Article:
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Acron Holds Exhibition of Rare Wartime Photos in Veliky Novgorod to Mark Anniversary of Sokol Club

Ahead of Victory Day and the 55th anniversary of the Sokol club, Russia’s oldest volunteer search organisation founded by Acron, Veliky Novgorod is hosting an exhibition of wartime works by prominent Soviet photographers. The event ‘To Remember. Archive Photos of the Great Patriotic War’ will show photographs taken in 1943–1945 by the photojournalists Yevgeny Khaldei and Dmitry Baltermants who made their mark in the history of the Russian and world photographic art.

Yevgeny Khaldei was unofficially called the chief photographer of the Great Patriotic War. His photograph ‘Raising the Soviet Flag over the Reichstag’ became a symbol of the defeat of Nazism. After the war, he ran the ‘Name Them’ column in the Ogoniok magazine, where he published his photographs of unknown people, which often helped many people find their dead or missing relatives.

Dmitry Baltermants, who worked as a war correspondent for Izvestia and other newspapers, became famous for his coverage of the construction of anti-tank fortifications near Moscow, defence, military operations in the Crimea, and the Battle of Stalingrad. Many of Baltermants’ photographs have gone down in the history of photography. One of them, ‘Grief’, was taken in Kerch in 1942 and was later described as the apotheosis of the tragedy of war. Another work by Baltermants, ‘Fireworks of Victory, Red Square, Moscow, 9 May’, became a symbol of the triumph of the Russian spirit. During the Khrushchev Thaw, Baltermants had personal exhibitions in London and New York, which brought him international fame.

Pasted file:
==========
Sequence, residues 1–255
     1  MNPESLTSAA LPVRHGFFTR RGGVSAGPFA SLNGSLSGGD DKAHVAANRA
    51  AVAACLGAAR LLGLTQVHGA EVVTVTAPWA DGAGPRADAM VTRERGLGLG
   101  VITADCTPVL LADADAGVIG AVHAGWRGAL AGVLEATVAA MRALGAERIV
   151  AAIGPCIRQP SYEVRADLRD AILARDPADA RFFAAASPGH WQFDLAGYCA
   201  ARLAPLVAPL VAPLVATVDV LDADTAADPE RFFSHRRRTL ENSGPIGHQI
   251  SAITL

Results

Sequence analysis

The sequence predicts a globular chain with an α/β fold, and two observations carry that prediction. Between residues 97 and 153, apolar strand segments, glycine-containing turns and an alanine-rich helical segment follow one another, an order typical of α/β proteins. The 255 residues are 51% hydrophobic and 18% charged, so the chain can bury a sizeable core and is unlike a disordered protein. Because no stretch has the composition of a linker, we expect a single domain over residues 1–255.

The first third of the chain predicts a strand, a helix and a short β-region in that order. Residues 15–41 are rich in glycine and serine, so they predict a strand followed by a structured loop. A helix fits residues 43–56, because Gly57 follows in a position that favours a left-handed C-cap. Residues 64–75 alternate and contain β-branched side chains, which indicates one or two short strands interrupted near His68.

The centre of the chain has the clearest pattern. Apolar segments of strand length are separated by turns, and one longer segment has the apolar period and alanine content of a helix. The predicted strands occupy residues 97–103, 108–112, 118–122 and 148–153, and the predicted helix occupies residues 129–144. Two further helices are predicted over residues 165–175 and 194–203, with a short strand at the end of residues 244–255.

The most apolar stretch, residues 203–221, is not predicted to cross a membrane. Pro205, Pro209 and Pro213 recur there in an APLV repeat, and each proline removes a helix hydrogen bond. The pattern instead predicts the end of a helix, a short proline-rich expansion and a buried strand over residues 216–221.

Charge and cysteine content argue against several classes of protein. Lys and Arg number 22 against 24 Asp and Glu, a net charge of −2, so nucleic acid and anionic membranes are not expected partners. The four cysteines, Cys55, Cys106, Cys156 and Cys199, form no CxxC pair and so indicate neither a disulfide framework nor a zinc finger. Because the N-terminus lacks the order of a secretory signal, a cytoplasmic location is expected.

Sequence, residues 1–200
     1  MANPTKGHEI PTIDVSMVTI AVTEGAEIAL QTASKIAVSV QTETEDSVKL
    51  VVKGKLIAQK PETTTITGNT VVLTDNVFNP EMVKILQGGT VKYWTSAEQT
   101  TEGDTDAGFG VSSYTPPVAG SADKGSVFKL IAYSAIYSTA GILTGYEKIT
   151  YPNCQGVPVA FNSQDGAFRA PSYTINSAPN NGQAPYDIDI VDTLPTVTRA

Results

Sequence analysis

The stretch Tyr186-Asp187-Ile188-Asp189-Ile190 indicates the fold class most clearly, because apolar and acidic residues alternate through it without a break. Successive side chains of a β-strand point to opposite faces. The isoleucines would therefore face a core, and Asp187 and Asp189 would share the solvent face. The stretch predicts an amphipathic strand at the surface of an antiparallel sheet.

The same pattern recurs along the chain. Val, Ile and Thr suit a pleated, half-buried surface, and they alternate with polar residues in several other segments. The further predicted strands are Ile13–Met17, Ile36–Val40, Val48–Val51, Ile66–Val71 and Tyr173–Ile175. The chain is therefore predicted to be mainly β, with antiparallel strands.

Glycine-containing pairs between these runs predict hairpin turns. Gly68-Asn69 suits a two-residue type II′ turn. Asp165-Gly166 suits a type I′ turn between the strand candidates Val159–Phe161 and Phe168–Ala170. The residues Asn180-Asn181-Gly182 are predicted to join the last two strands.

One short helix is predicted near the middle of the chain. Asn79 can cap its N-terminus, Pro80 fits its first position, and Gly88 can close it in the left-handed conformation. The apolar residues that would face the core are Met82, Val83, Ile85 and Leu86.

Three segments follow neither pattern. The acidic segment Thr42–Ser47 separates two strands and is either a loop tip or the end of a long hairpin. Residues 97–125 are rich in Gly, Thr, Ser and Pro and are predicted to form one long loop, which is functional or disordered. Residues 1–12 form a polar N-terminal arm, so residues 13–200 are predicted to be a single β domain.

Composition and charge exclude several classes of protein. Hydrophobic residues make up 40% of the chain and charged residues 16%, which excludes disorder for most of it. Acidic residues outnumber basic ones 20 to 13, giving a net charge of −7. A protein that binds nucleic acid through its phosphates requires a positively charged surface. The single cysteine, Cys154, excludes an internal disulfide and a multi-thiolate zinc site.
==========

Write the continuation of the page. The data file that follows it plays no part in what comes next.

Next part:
The Sokol volunteer search club was founded in 1968 on the initiative of Acron’s methanol shop worker Nikolay Orlov, a living legend among Soviet volunteer searchers. The search party, led by chemists from Veliky Novgorod, gave rise to an organised volunteer search movement in the Soviet Union. It also led to the creation of the Dolina (Valley) regional search expedition, named after Orlov, who was called the Commandant of Death Valley, a place near Myasnoy Bor, where soldiers and commanders of the 2nd Shock Army died.

Since its inception, Sokol has located remains of thousands of Red Army soldiers and returned them to their families. The club’s volunteers have also found unique artefacts from the war, which are displayed in Acron’s corporate museum.

The exhibition is free of charge and is now open at Acron’s Cultural Centre at 22 A Lomonosov Street, Veliky Novgorod.